Updated: April 2, 2021 1:37:10 pm
It started with the Mumbai Cricket Association (MCA) trying to locate the seat at the Wankhede Stadium where M S Dhoni’s World Cup-winning six landed on April 2, 2011. Following a long-standing ‘cricket stadium’ tradition, MCA wanted to enshrine the seat and keep Dhoni’s legacy alive.
Once MCA intentions were made public, batting legend Sunil Gavaskar got in touch with them. In a mail, he wrote that he knew the person — whose identity is still a secret — who hadn’t just preserved the World Cup ticket but also the ball that was part of one of Indian cricket’s most memorable moments.
So how did the chase for the seat begin?
On August 16, 2020, the day after Dhoni announced his retirement, MCA Apex Council member Ajinkya Naik came up with the idea of honouring the retired star by earmarking the seat where his World Cup-winning six landed. He was inspired by the way Auckland had similarly feted the New Zealand all-rounder Grant Elliott, who had helped his team win the 2015 World Cup semi-final with a memorable six.
Where is the seat?
That spot has now been identified as seat number 210 in the MCA Pavilion, L Block. It’s a ground-level stand with the seat close to the fence, and only metres away from the famous staircase taken by the home Indian team, including the iconic last walk of Sachin Tendulkar.
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How did Gavaskar come into the picture?
Having read about MCA’s plans to honour Dhoni in this fashion in The Indian Express, Sunil Gavaskar recalled that it was a friend’s friend who had been occupying that seat on that day, and was, in fact, the lucky possessor of the ball that Dhoni had hit for that iconic six. While the name is not yet public, it is learnt that the dream-catcher as it were, resides outside of India, and has safely preserved both the Cup final ticket and the ball.
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How did Gavaskar help MCA?
Gavaskar wrote to Ajinkya Naik informing him that he could help MCA locate the ball that was lost in the ecstatic celebrations from that historic night, and that the spectator who caught the ball was an acquaintance of his (Gavaskar’s) friend. “Gavaskar informed Ajinkya that his friend knows the person who was at that spot, and even has the ball with him,” an MCA member said.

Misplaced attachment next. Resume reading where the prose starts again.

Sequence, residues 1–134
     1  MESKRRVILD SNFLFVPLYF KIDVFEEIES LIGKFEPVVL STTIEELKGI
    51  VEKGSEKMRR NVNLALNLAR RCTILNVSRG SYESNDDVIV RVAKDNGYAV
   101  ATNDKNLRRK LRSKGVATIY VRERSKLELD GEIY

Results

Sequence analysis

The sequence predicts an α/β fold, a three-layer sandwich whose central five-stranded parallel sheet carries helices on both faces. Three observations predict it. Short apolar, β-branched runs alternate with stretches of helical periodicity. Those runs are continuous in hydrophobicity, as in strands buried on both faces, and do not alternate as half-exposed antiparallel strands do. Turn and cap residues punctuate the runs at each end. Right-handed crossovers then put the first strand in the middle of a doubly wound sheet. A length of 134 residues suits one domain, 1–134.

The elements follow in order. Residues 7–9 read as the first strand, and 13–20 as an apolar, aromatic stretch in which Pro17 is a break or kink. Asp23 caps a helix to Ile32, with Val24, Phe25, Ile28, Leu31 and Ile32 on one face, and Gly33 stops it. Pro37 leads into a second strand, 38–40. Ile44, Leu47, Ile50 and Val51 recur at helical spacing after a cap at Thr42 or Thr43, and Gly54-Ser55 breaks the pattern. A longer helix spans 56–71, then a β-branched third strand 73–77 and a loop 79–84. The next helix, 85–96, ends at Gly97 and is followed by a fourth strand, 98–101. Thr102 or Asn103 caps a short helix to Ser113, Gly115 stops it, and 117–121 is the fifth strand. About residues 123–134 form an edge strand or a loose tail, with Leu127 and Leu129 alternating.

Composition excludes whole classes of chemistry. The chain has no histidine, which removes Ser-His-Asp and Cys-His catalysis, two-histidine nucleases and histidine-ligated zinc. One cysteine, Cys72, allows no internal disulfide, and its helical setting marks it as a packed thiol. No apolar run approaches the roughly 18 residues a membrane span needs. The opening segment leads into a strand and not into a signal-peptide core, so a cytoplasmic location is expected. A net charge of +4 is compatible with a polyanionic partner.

What are the MCA’s plans now?
It is expected that the MCA may request Gavaskar to help get in touch with the spectator. The cricket association, through Naik, a school cricketer himself who now owns a consultancy firm, will then officially request to procure the ball for its planned museum. The Museum Committee will try to meet the person as soon as it is possible.
“As an act of gratitude and tribute to his (Dhoni’s) immense contribution to Indian cricket, the MCA can devote a permanent seat on his name at the pavilion where his famous World Cup-winning six had landed,” read Naik’s letter, accessed by The Indian Express. It is learnt that the seat will be replaced with a brand new one with a plaquette on it.
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Is this a novel way to honour cricketers?
Naming a particular seat, and not an entire stand, after a player is a novel idea in India, though not an alien concept abroad.
Simon O’Donnell’s 122-metre six in a First Class match at the Melbourne Cricket Ground in 1993 has been commemorated with the seat where the ball landed being painted yellow.
Similarly, in 2018, at the Etihad Stadium in Melbourne, Big Bash League franchise Melbourne Renegade honoured their former player Brad Hodge by painting a third-tier seat red, where Hodge’s 96-metre six landed in what was his last match as a player.
And of course, in Auckland, New Zealand, a plaque was placed on a seat where Grant Elliot hit a six that secured the country’s first appearance in the final of a World Cup, back in 2015.
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Dhoni, whose title-winning shot off Sri Lankan pacer Nuwan Kulasekara’s bowling, could now join that elite list.
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